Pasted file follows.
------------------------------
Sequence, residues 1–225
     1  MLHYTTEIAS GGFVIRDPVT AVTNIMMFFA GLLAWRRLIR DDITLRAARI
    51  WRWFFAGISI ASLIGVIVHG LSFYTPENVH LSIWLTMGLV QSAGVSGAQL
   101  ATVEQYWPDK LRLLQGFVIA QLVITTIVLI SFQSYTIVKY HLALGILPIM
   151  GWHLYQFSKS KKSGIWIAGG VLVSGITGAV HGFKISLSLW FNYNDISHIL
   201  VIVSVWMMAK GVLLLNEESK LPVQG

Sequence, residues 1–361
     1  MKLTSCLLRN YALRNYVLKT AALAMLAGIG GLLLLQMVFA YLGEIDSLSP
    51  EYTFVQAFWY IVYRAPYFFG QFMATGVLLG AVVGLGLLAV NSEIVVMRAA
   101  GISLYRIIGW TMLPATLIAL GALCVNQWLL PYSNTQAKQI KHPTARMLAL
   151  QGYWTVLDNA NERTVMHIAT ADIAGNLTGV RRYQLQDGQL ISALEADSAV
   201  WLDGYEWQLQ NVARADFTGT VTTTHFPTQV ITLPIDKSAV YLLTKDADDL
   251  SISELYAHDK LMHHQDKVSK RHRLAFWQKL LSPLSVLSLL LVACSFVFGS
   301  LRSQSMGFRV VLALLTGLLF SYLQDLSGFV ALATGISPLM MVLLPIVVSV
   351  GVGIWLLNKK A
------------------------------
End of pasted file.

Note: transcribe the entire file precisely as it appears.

Sequence, residues 1–225
     1  MLHYTTEIAS GGFVIRDPVT AVTNIMMFFA GLLAWRRLIR DDITLRAARI
    51  WRWFFAGISI ASLIGVIVHG LSFYTPENVH LSIWLTMGLV QSAGVSGAQL
   101  ATVEQYWPDK LRLLQGFVIA QLVITTIVLI SFQSYTIVKY HLALGILPIM
   151  GWHLYQFSKS KKSGIWIAGG VLVSGITGAV HGFKISLSLW FNYNDISHIL
   201  VIVSVWMMAK GVLLLNEESK LPVQG

Sequence, residues 1–361
     1  MKLTSCLLRN YALRNYVLKT AALAMLAGIG GLLLLQMVFA YLGEIDSLSP
    51  EYTFVQAFWY IVYRAPYFFG QFMATGVLLG AVVGLGLLAV NSEIVVMRAA
   101  GISLYRIIGW TMLPATLIAL GALCVNQWLL PYSNTQAKQI KHPTARMLAL
   151  QGYWTVLDNA NERTVMHIAT ADIAGNLTGV RRYQLQDGQL ISALEADSAV
   201  WLDGYEWQLQ NVARADFTGT VTTTHFPTQV ITLPIDKSAV YLLTKDADDL
   251  SISELYAHDK LMHHQDKVSK RHRLAFWQKL LSPLSVLSLL LVACSFVFGS
   301  LRSQSMGFRV VLALLTGLLF SYLQDLSGFV ALATGISPLM MVLLPIVVSV
   351  GVGIWLLNKK A